CBC News has learned that the broken wisdom teeth of some Ontario children are coming from people who didn’t take a proper dentist’s advice.
A new report from the Ontario Health Department found that between 2011 and 2016, a quarter of all Ontario children had broken wisdom dentures, compared to 11 per cent in 2014.
In the province’s largest city, Oshawa, the report found that in the first five years after the province implemented a new dental crown, half of all the province-wide dental crowns had broken teeth.
In 2014, a similar report from Health Canada showed that Ontario had the highest rate of tooth decay in the country, with an average of 3.2 per cent of children suffering from tooth decay.
A report by Ontario’s health department found that more than 90 per cent had some form of broken tooth or tooth bridge, with many people suffering from this condition because they weren’t taking proper care.
The report also said that nearly two-thirds of children had experienced dental wear and tear, including over 80 per cent who had suffered broken bones or damage to teeth.
“If you’re going to have a tooth, you should be doing it in the best way possible,” said Dr. James R. Levesque, a dentist and clinical professor of dentistry at McMaster University.
“It’s important to get the proper care done and to get it done well.”
In Ontario, the province is also seeing more dental wear.
More than 20,000 Ontario children in the past two years have had their crowns broken.
A study published by the McMaster University School of Dentistry found that Ontario saw the highest percentage of crown-related deaths among all provinces and territories in 2016, with 43 per cent.
While Ontario’s rate of crown related deaths is higher than the national average, the study also found that the province had the lowest rate of child death, which it also attributed to the health system’s response to coronavirus.
“Ontario is the only province in Canada that’s seeing a significant increase in the rate of Crown related deaths, with a rise of nearly 25 per cent over the past four years,” Dr. Leveque said.
The province also saw the second highest rate for crown-associated diseases in the world, at 14 per cent, according to the U.S. Centers for Disease Control and Prevention.
In addition to the crown-linked diseases, the number of crown and dental injuries has also increased in Ontario.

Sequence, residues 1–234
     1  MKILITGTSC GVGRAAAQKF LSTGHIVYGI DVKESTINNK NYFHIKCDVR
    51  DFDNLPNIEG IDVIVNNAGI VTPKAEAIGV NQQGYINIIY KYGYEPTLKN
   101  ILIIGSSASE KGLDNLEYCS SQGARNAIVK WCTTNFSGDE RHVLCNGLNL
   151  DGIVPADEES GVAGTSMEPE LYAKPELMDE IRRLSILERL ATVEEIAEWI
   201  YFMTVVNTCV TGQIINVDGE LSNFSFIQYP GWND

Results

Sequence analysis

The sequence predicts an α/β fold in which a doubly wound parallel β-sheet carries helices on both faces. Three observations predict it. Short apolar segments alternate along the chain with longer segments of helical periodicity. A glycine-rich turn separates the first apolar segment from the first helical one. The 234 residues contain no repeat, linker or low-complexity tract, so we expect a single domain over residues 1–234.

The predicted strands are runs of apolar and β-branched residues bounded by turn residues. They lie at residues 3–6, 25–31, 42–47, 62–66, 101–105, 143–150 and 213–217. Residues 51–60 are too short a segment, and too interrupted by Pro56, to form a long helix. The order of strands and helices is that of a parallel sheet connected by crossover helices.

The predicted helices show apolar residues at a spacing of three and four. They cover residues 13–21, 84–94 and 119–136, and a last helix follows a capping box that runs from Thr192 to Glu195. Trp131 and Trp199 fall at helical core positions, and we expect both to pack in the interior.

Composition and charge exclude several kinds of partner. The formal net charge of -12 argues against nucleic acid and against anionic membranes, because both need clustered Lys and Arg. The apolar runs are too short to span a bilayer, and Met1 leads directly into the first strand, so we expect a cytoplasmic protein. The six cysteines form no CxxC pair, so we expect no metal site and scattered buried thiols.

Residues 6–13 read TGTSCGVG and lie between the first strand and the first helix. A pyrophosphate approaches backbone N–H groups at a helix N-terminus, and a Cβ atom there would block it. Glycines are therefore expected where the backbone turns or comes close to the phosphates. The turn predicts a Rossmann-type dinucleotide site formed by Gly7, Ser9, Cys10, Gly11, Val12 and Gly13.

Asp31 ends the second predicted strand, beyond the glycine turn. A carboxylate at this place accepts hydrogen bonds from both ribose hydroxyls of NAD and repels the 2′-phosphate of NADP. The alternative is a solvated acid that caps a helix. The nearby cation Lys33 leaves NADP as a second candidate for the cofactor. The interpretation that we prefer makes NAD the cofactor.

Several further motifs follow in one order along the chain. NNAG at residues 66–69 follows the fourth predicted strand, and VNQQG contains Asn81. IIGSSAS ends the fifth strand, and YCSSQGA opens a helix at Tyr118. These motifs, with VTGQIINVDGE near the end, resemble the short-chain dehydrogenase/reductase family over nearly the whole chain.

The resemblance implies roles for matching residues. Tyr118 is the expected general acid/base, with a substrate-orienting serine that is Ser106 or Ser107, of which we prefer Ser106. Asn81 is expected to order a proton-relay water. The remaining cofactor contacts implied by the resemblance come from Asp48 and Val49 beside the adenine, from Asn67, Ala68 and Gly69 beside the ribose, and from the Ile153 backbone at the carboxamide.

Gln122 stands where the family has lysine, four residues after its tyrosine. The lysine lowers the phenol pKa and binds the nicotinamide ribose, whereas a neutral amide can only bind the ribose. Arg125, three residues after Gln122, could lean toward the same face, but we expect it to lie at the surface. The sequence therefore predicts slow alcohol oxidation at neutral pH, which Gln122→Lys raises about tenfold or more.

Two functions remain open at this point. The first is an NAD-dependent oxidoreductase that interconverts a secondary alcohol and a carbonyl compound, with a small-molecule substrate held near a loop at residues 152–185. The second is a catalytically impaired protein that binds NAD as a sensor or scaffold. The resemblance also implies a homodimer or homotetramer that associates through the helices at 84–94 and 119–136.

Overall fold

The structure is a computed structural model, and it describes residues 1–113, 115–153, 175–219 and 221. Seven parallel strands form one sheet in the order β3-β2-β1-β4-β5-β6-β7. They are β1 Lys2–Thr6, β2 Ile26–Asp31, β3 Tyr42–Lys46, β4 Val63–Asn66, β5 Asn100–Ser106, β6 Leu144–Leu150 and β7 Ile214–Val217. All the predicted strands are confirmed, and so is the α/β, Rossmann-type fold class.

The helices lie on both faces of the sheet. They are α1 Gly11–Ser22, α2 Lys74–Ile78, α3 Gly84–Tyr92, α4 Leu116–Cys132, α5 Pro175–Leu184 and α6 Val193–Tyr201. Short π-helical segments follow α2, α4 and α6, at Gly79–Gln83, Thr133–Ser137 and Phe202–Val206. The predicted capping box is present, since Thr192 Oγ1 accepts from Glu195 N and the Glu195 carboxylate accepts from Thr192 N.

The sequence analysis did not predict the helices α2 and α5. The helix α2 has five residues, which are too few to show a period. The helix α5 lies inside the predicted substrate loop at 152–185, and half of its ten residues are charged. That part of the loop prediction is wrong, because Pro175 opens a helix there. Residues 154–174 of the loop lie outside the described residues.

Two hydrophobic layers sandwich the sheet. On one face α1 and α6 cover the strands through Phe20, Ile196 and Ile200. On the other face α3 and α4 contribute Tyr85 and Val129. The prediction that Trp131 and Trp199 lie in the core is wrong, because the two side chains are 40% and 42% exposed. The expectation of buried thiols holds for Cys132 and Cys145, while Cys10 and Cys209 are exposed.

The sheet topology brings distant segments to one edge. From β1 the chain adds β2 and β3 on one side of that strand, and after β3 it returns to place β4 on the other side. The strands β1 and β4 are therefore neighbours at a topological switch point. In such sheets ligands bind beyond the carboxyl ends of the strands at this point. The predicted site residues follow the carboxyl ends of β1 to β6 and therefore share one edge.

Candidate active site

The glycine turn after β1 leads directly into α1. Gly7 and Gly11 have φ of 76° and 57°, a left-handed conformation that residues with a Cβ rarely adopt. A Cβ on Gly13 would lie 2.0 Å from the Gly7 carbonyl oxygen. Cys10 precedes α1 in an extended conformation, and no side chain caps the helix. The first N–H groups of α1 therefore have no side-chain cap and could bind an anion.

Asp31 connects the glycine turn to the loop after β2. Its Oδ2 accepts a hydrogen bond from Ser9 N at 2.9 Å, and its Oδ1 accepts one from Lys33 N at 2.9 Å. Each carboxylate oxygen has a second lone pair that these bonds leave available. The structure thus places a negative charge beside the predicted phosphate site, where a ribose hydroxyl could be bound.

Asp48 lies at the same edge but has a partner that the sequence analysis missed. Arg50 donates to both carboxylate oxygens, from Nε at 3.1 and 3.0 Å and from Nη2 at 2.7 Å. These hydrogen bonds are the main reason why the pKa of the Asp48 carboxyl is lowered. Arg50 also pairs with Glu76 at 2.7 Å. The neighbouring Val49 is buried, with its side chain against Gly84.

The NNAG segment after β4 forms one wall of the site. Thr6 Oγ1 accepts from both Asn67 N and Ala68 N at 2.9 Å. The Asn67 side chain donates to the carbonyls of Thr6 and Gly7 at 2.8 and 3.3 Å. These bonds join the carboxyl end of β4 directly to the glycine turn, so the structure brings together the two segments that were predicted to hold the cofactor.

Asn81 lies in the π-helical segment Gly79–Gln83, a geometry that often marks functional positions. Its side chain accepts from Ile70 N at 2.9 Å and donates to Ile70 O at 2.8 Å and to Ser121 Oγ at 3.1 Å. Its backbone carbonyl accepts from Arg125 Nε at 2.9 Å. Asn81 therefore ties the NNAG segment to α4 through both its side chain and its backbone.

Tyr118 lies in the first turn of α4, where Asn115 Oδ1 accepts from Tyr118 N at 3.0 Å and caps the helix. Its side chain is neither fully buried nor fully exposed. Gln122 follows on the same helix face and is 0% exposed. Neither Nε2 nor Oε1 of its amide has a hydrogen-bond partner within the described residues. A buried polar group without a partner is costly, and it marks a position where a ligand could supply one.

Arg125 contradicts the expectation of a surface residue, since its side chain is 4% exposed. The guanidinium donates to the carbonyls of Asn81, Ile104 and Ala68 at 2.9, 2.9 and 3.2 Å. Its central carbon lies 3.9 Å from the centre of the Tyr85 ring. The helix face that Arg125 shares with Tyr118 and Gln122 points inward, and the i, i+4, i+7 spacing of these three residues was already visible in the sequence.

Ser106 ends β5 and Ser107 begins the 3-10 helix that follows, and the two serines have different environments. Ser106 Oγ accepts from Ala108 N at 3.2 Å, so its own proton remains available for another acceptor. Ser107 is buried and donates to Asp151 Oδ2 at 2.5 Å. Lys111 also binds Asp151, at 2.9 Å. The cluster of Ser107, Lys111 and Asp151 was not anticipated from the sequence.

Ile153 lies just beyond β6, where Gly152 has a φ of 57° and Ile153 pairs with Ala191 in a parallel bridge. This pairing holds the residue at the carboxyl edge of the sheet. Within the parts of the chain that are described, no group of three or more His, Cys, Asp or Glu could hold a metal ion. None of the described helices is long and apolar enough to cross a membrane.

The U.K. has seen the biggest increase in cases of crown injuries, with about 7,000 crown injuries reported in the last year alone.
The rate of coronaviruses has also jumped in Ontario, with the number reported last year surpassing that of other provinces, according the U and Canada’s Health Ministers.
“It’s a very real, very serious situation, and one that we need to deal with in Ontario as quickly as we can,” Health Minister Eric Hoskins said.
“This is a problem that we’ve had for some time, and we’ve been dealing with it for years and years.”
Dr. Levensque said that while he can’t pinpoint a specific cause for the increase in crown related injuries, it’s clear that people have been spending more time in the home than in public spaces, and are less able to be safe.
“When people are out in the public, their risks are higher, and they’re in the most dangerous environments, which is the workplace,” he said.
According to the Ontario health department, the crowns of about 30,000 children in 2016 were in a “critical” condition, meaning they were showing signs of deterioration and could potentially lead to death.
The health department’s report, which was released Wednesday, said the number one reason for crown related incidents in Ontario is lack of care.
The report found an average one in five cases of acute crown injury was due to lack of adequate care.
“In some cases, a child may not be given adequate care because of an inability to make informed decisions about their own care,” the report said.
While it’s encouraging to see the province has taken steps to prevent more crown related accidents, Dr. Rivesque said the health department still has a long way to go.
“There is a lot of work to be done,” he added.
“We’re in a position where the crown is in some critical condition, and there’s a lot more that needs to be put in place.”
And we know that we’re going have a significant reduction in the number and severity of crown associated injuries, and it’s not going to happen overnight.
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